Numerical Investigation of Coupling Multiphase Flow and Geomechanical Effects on Water Loss During Hydraulic-Fracturing Flowback Operation
- Mingyuan Wang (University of Alberta) | Juliana Y. Leung (University of Alberta)
- Document ID
- Society of Petroleum Engineers
- SPE Reservoir Evaluation & Engineering
- Publication Date
- July 2016
- Document Type
- Journal Paper
- 520 - 537
- 2016.Society of Petroleum Engineers
- Flow-back, Mechanistic models, Tight reservoirs, Hydraulic fracturing, Secondary fractures
- 7 in the last 30 days
- 414 since 2007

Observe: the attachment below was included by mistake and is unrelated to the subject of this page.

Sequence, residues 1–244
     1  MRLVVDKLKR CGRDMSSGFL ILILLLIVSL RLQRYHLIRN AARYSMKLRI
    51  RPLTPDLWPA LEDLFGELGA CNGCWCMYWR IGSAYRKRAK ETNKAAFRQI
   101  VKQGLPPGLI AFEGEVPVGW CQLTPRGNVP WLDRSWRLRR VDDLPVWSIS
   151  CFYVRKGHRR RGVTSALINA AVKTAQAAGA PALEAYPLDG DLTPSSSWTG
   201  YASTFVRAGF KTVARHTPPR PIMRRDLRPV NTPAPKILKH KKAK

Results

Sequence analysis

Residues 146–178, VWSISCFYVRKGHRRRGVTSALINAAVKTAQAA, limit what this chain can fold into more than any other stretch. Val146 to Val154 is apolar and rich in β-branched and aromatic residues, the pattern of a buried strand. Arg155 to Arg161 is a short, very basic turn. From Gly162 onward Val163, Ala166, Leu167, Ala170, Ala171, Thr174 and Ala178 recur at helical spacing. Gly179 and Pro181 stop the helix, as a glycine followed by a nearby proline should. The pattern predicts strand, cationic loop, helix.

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Less than half the fracturing fluid is typically recovered during the flowback operation. This study models the effects of capillarity and geomechanics on water loss in the fracture/matrix system, and investigates the circumstances under which this phenomenon might be beneficial or detrimental to subsequent tight-oil production. During the shut-in (soaking) and flowback periods, the fracture conductivity decreases as effective stress increases because of imbibition. Previous works have addressed fracture closure during the production phase; however, the coupling of imbibition caused by multiphase flow and stress-dependent fracture properties during shut-in is less understood. A series of mechanistic simulation models is constructed to simulate multiphase flow and fluid distribution during shut-in and flowback. Three systems—matrix, hydraulic fracture, and microfractures—are explicitly represented in the computational domain. Sensitivities to wettability and multiphase-flow functions (relative permeability and capillary pressure relationships) are investigated. As wettability to water increases, matrix imbibition increases. Imbibition helps to displace the hydrocarbons into nearby microfractures and hydraulic fractures, enhancing initial oil rate, but it also hinders water recovery. The results indicate that fracture closure may enhance imbibition and water loss, which, in turn, leads to further reduction in fracture pressure and conductivity. Results also suggest that more-aggressive flowback is beneficial to water cleanup and long-term oil production in stiff rocks, whereas this benefit is less prominent in medium-to-soft formations because of excessive fracture closure. Because no direct correlation between high initial oil-flow rate and improved cumulative oil production is observed, measures for increasing oil relative permeability are recommended for improving long-term oil production. This work presents a quantitative study of the controlling factors of water loss caused by fluid/rock properties and geomechanics. The results highlight the crucial interplay between imbibition and geomechanics in short- and long-term production performances. The results in this study would have considerable impact on understanding and improving current industry practice in fracturing design and assessment of stimulated reservoir volume.
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